NATO has a problem.

On the one hand, the rhetoric of the government requires stability and scaling while taking action – such as military exercises and economic sanctions – that the Russians must see as provocative. Assessing the balance between deterrence and provocation is not easy, especially when pressure alone is unlikely to change Russia’s behavior.

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Military exercises near the port city of Mariupol took place last week

For example, take the Ukraine crisis. Sanctions show no signs of changing President Putin’s mind, nor is it likely that they will soon receive the Crimea. Russia seems to accept the pain of sanctions, because its interests in “close abroad” mean more.

This calculation makes NATO’s response to the recent crisis between Russia and Ukraine more difficult. Analysts have demanded a variety of actions, from the deployment of NATO vessels in the Azores sea – which would probably be illegal because it is an inland waterway that is not an international waterway, and impractical because Russia could easily clog the Kerch tree. to increase economic sanctions or even efforts to compensate Ukraine for the financial losses it suffers from, which is indeed a semi-blocked of its ports.

There will be those in Ukraine and among its more fierce supporters in the United States who see this as an additional case to intensify the arms of Kiev. While NATO countries have a lot of education for the Ukrainian military, they have largely committed themselves to lethal weapons. The Trump administration has delivered a limited number of Javelin tankers to address a significant defensive deficit in Ukraine’s land strengths. However, some experts have suggested, for example, that Kiev should be given land-based missionary missiles in order to even contribute to the balance of maritime balance in these sealed waters.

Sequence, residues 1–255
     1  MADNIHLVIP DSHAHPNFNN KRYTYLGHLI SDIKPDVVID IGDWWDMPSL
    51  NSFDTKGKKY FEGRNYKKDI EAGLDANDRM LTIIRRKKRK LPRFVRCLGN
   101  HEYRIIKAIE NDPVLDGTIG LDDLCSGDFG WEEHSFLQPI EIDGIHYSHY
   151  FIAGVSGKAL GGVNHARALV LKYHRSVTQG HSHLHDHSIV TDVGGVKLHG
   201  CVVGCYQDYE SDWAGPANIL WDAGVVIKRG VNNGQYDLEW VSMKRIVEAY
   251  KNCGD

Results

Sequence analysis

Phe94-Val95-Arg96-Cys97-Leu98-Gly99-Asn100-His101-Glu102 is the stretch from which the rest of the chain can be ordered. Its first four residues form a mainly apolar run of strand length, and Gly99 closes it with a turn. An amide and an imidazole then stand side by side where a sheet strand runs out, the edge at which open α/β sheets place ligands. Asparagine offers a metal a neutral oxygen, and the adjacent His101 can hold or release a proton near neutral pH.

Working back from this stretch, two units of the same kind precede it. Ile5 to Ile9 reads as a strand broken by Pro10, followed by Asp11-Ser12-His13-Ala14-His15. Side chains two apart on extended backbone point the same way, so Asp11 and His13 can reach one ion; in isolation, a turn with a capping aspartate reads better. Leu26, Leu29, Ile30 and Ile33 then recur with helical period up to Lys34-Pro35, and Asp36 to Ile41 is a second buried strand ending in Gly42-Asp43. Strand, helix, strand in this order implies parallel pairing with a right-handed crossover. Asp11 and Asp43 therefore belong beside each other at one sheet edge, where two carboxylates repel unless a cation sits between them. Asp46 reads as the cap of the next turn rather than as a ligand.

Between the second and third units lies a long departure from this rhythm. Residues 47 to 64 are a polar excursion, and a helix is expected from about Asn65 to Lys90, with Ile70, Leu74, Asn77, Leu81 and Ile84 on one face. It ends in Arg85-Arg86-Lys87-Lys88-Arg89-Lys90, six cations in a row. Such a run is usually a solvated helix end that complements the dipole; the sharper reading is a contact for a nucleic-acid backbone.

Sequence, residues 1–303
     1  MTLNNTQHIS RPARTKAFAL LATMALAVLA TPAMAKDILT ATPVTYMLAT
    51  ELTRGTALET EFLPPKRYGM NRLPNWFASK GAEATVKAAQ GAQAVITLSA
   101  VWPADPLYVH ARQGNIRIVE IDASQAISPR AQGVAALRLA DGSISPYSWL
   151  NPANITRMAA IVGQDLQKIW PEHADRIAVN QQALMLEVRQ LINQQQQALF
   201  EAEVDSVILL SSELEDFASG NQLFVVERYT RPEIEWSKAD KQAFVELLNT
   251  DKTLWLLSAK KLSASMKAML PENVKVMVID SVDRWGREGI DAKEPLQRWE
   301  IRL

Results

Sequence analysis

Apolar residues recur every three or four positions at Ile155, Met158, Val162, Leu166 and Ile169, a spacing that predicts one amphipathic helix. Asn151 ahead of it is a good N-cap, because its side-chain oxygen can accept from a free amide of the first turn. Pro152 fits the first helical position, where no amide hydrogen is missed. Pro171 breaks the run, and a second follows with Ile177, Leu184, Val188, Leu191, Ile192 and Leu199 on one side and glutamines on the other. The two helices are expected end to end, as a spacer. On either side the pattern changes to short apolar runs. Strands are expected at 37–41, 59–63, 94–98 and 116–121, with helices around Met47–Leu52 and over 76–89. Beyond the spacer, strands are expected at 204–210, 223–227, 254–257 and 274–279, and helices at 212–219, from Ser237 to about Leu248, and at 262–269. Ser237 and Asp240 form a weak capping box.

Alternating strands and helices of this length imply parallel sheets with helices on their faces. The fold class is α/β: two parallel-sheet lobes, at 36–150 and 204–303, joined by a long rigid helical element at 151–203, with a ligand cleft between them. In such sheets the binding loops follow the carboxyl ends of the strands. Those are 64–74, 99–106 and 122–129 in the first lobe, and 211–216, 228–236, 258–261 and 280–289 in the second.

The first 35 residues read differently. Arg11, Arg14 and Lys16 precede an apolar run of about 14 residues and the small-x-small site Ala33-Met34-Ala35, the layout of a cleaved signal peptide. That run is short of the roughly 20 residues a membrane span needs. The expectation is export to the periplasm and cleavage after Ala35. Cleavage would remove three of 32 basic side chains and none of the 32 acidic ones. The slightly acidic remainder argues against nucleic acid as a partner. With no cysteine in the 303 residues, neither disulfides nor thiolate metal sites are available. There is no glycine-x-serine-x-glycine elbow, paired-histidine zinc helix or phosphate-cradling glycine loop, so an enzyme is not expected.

There is no perfect solution to this strategic balance from a more fundamental rework of the relationship between Russia and the West. The immediate task is to make things worse.

The war is ever changing

And this raises another fundamental problem for NATO. Warfare Changes

The simpler boundary between war and peace really resolves. We hear a lot about military demonstrations, exercises, cyber attacks and information operations. Traditionally, these have been seen as an initial conflict.

But what if the actual self as a leading US commander was recently asked?

In other words, you no longer risk full-scale warfare; You only use a variety of tools to apply pressure to achieve the same purpose. In this light, Russia already has some success against Ukraine.

It has caught the Crimea and shows no sign of renouncing it. It requires an economic cost from Kiev by interfering with shipping in the Azores sea.

As it may argue, it has weakened the Ukrainian president at a time when he faces a difficult re-election campaign by seizing three ships and their crews. All at a price that Moscow seems willing to pay.

This is then NATO’s dilemma: How do it calm friends and allies in the Black Sea region without just making things worse?